After news of this ultimatum broke, we started a petition in support of Powers that has received over 6,000 signatures during a holiday weekend. The Faculty Council has called an emergency meeting for Wednesday to reiterate its unequivocal support for Powers with the chairwoman noting that faculty are as unanimous as she has seen in 27 years in their support. Newly minted president of the Texas Exes, former Sen. Kay Bailey Hutchison, notified all Texas Exes that “a forced resignation or firing would be a travesty for UT” and alumni should “stand up and fight” for the University’s stature. Students too have expressed their support for Powers in large numbers on social media. Even after an attempt to minimize exposure of this ultimatum, Longhorns everywhere have rallied in a powerful way. 

The Board of Regents should remember that its fiduciary duty is to do what is best for UT-Austin. Let our message be clear: Powers is what is best for our University, and he deserves much better. It is now more important than ever that Longhorns everywhere come together and stand with Powers.

Jerath is president of the Senate of College Councils. Clark is president emeritus of the Senate of College Councils. Rady is president of Student Government. Villarreal is president emeritus of Student Government.


Photo Credit: Caleb Kuntz | Daily Texan Staff

Editor’s Note: In anticipation of the May 1 deadline for admitted high-school students to chose to attend the University, we asked student leaders on campus to tell us why they came to UT. This submission, from former Senate of College Councils President Andrew Clark, is the first of several that will run this week. It has been minimally edited for style.

For me, attending The University of Texas was meant to be. I grew up in a house divided; my dad went to Texas A&M and my mom is a proud Texas Ex. There are even two sets of baby photos in my house, one of my younger brother and I wearing maroon, another in burnt orange. I grew up thinking there were only two possible schools I could attend: UT and A&M. As I neared senior year of high school I realized there was far more available than just these two Texas flagships, but I couldn’t help but feel a connection to those schools. Despite the efforts of my parents, I went in with an open mind, looking at schools from across the state and the country. Inevitably, all it took was a visit to the 40 Acres one day in September to realize that this was the place for me. And no disrespect to the Aggies — including my brother, who kept our house evenly divided — but considering four years in Austin or four years in College Station practically made the decision for me.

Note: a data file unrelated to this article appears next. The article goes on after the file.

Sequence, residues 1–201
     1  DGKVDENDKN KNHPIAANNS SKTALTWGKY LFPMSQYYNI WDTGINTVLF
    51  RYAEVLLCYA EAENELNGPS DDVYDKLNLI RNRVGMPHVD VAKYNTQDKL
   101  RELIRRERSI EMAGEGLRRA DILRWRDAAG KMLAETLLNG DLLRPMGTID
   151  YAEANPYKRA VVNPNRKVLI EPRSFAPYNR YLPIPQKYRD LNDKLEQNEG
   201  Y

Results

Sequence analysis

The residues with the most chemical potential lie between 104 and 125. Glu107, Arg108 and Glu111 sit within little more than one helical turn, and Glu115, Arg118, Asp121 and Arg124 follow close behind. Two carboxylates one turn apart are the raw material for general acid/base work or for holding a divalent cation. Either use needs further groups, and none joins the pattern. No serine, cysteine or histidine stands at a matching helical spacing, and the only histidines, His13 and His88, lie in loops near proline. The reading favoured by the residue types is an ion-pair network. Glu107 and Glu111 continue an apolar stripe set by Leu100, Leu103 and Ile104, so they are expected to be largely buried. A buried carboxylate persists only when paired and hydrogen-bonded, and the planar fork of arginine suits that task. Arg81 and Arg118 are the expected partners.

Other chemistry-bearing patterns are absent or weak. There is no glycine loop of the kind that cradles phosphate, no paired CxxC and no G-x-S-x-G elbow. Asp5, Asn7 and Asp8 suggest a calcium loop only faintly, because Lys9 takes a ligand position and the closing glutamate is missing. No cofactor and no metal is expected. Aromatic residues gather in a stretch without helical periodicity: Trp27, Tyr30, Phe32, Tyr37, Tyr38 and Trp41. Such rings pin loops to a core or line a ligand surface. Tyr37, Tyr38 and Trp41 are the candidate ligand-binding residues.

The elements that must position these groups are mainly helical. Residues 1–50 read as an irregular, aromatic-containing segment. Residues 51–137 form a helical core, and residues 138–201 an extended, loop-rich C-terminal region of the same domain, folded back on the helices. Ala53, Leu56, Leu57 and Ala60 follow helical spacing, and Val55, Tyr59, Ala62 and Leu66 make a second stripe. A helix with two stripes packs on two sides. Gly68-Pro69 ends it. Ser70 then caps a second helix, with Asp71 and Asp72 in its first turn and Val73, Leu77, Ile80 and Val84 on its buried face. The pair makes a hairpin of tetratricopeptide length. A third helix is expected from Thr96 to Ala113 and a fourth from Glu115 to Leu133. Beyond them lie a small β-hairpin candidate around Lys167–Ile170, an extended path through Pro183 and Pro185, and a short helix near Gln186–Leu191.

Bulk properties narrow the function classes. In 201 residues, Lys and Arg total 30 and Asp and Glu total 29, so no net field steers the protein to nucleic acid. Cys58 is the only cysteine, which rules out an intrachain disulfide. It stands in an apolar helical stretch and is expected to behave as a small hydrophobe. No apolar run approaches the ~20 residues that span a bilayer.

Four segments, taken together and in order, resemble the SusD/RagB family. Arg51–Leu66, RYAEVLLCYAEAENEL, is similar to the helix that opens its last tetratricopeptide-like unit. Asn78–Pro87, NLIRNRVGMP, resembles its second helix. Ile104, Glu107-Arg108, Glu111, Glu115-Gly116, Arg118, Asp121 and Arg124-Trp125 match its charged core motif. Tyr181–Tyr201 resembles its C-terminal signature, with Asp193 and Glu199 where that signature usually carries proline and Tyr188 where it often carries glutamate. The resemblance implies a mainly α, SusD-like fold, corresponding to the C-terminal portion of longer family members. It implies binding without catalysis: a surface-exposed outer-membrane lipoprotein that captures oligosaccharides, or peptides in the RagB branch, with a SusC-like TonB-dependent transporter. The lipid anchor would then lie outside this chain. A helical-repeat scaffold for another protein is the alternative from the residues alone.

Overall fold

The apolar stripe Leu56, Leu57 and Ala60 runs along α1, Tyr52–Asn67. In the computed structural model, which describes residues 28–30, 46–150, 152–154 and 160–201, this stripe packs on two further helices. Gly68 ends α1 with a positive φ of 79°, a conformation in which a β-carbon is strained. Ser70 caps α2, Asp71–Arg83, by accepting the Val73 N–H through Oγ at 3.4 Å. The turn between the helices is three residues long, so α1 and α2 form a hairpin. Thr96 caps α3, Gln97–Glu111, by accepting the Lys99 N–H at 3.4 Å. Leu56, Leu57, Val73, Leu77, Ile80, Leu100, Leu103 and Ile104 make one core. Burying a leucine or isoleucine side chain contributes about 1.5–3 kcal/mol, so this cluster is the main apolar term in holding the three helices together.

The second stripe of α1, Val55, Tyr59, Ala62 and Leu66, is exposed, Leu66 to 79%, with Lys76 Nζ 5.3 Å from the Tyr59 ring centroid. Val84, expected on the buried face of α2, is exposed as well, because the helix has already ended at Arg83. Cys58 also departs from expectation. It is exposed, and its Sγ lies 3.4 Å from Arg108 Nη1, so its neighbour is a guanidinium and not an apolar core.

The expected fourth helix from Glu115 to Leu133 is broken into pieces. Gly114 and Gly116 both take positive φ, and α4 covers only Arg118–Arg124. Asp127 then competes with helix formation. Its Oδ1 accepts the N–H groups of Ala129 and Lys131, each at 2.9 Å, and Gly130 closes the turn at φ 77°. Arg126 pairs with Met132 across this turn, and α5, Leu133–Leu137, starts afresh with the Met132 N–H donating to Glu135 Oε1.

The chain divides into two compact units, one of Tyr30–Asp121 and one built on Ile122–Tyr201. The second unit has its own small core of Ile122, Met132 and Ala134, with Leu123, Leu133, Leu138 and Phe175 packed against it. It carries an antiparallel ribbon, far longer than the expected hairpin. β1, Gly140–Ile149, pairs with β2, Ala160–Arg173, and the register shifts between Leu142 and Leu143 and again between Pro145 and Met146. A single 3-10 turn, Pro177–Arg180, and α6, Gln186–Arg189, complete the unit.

Reflecting on that choice now, I realize that it was one of the best decisions I’ve ever made. But it wasn’t easy, as I was one of only two students from my graduating class to come to Texas. Though I already felt quite an affinity for UT, it was an intimidating proposition to move to Austin without really knowing anyone. It even led me to keep A&M in the running until the last minute because I had several friends going there. But once I arrived, I was fortunate to quickly find my niche on campus in the Senate of College Councils, one of UT’s three legislative student organizations. I had the privilege and honor of representing the students of this campus through Senate, culminating with my term as Senate president this year. The people I encountered through Senate over my four years are without question the most remarkable people I’ve ever met, and they are what truly made my college experience meaningful. UT offers its students an incredible breadth of experiences, with world-class academics, a second-to-none athletics program, an active lifestyle in one of the most popular cities in the country and the opportunity to make a positive impact on campus. I received an outstanding education, but in my case, the experiences I had outside the classroom are what most define my four years at UT. I learned by serving the students of the campus and working with extraordinary people, and in the process, I made memories that I’ll never forget.

For anyone still considering UT that may be reading this, our president, Bill Powers, says a great university “opens up a world of ideas to you. You may show up and think you don’t belong. But you do belong because it changes your life.” I am living proof that these words are true. My experience at UT has made me the person I am today. The 40 Acres expanded my worldview, showed me success and failure, gave me lifelong friends, and taught me more than I could imagine. Ultimately, that’s what college is all about. UT gave me far more than I could ever give in return, and as I prepare to graduate I have more people to thank than I can count. But the best thing about UT is that my story is just one of many you’ll find on the 40 Acres. I encourage you to attend the University of Texas and write your own story. You certainly won’t regret it.